Expert Perspective on eCommerce Innovation: Kelly Goetsch
This month, YOTTAA had a chance to talk to Kelly Goetsch, Chief Product Officer at commercetools, 4x O’Reilly Author, and headless commerce pioneer. During this interview, Kelly expands on his professional experience, the innovation involved in today’s eCommerce technologies and MACH architectures, and advice to eCommerce leaders on what to do while moving through today’s uncharted territory.
- Traffic, order volume, and order values are seeing substantial growth. This is the new “normal.”
- eCommerce Innovation requires iteration. Going headless and adopting microservices allows for that iteration.
- Monolithic platforms cannot retrofit a microservices offering, and at the end of the day still have release and innovation limitations.
- During the current pandemic, physical retail is basically dead and brands have to focus on digital.
- Brands need a fast frontend, but also need a very fast backend. There is a very clear link between conversion rate and page speed.
- People are notoriously difficult when it comes to changing their habits (like shopping online), but once they do, they change for good. COVID-19 has forced many to change their habits.
- To keep up with rising traffic, brands need an elastically scalable set of technologies.
- Brands should test everything to ensure performance is ready for the holiday.
Pioneering with the Pros
Tell us about your professional background.
I started my career in retail with Footlocker as a summer job in college. My job was to convert Photoshop images into HTML wireframes — which just so happened to be the biggest ATG implementation at the time. ATG was the big commerce platform back in the 90s and 2000s, and it also happens that it was the last project for the most senior ATG architect at the time. For some reason, he really liked me and mentored me. I left that job after a year being a proficient developer with ATG.
Then I moved to Chicago and finished up my undergraduate and graduate degrees while working for ATG. I really loved the commerce space. I was able to do so many fun projects and travel all over the world. My last three and a half years at ATG, I was responsible for all the Walmart implementations because Walmart, with the exception of Walmart.com, was entirely ATG based.
Then my wife and I had a child — which was great — but it meant that I could not travel every week. I got a “real job” with Oracle, and ended up being a product manager in their new Cloud group. I worked on Java Cloud Service, Exalogic, and Java EE. In my last year there, I was responsible for microservices. By that point, I had written eCommerce in the Cloud for O’Reilly, so I knew I really wanted to get back into microservices and commerce — I love that space. I Googled “commerce cloud and microservices” and commercetools came up as eight of the top ten search results. And I thought “who the hell are these guys? They sound pretty interesting.”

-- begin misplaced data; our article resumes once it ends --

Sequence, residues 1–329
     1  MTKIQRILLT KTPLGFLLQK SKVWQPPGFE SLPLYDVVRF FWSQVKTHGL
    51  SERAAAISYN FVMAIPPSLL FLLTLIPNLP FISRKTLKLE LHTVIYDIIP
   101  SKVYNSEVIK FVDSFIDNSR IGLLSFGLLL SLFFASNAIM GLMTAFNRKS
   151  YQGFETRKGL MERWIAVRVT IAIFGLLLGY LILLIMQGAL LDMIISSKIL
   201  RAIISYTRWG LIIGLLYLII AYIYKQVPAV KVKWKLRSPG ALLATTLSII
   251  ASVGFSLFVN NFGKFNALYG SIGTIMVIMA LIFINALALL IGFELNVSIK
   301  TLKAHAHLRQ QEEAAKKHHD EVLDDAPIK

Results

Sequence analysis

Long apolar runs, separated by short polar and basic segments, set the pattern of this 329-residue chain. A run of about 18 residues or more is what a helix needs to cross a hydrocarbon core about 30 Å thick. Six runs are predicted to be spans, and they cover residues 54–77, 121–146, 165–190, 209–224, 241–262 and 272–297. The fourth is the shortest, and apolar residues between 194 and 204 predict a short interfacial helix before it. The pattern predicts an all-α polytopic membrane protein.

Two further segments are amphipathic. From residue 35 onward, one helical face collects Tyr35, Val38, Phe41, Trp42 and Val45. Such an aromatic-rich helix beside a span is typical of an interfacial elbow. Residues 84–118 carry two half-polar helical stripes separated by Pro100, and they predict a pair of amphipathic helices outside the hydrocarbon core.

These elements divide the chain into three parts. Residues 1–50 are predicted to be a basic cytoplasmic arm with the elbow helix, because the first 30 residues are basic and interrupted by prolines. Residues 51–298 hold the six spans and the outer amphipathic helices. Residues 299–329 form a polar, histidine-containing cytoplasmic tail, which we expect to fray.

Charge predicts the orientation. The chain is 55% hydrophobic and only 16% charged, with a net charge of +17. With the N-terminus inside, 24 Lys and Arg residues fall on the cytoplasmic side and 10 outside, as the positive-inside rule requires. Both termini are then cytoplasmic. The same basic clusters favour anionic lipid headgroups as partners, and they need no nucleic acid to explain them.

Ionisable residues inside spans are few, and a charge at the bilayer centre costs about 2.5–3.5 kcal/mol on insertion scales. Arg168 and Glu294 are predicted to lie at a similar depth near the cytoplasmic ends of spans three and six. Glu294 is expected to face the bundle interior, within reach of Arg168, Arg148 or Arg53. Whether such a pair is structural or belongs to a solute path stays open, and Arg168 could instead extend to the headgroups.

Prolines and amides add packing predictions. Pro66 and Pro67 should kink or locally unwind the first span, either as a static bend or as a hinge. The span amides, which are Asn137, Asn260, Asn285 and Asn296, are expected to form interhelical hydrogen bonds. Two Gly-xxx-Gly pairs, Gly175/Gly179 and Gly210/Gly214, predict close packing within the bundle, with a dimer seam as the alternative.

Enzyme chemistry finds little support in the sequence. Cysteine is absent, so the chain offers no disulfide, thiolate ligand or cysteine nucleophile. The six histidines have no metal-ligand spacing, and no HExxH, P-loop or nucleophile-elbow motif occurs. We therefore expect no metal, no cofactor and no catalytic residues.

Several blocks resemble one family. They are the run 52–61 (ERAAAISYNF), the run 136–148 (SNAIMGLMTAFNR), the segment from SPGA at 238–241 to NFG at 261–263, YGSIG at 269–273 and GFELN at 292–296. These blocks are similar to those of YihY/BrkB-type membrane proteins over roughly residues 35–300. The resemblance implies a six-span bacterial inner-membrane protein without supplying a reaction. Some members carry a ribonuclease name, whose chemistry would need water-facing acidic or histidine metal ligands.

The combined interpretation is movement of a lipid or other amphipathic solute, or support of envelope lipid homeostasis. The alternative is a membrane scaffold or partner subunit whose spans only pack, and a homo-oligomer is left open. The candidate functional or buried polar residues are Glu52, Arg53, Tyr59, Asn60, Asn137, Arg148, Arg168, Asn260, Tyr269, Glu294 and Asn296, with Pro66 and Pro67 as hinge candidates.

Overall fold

I went to LinkedIn, and it turned out that the head of the US group and I had 125 connections in common. I dropped him a note and said that I would love to catch up sometime. He said to talk to the CEO when he is in New York next. I did, and we had coffee, which turned into dinner, which turned into drinks and more drinks and I have been with the company now for four years. We have really been pioneering headless commerce, which is exciting.
What about eCommerce has kept you in the industry for so long?
We [commercetools] are building an entirely new approach to commerce. Those first generation platforms were built in the 90s — Websphere Commerce, ATG, Intershop — and obviously the world has changed a lot since then. Now, there are a lot more touchpoints, we are a mobile-first world, and we have the whole rise of Cloud and SaaS.
Being able to get together with these first generation pioneers and doing it the right way the second time, but with all new technology, is very exciting. What is there not to enjoy about that? The Magic Quadrant is coming out and you will soon see where we placed. The market really recognizes what we’re doing now and it’s great to see that reflected in reports and elsewhere.
eCommerce Innovation Requires Maturity
Here at YOTTAA, we advocate the importance of having a fast browser experience. Can you talk more about the importance of also having a fast eCommerce platform?
The total time that the shopper has to sit and wait is a combination of the frontend and backend performance. So brands need a fast frontend, which is what you (YOTTAA) accelerate, but they also need a very fast backend. There is a very clear link between conversion rate and page speed. I read a study and it was something like 5% conversion for every 100 milliseconds. Doubleclick by Google found that 53% of mobile sites visited were abandoned if the page took longer than 3 seconds to load. BBC found that they lost 10% of users for every additional second their site took to load. Pinterest increased search engine traffic sign outs by 15% when they reduced their perceived wait times by 40. So, it’s a well established fact out there that conversion rates, engagement, and all sorts of metrics are strongly linked to the speed of how long it takes those things to load.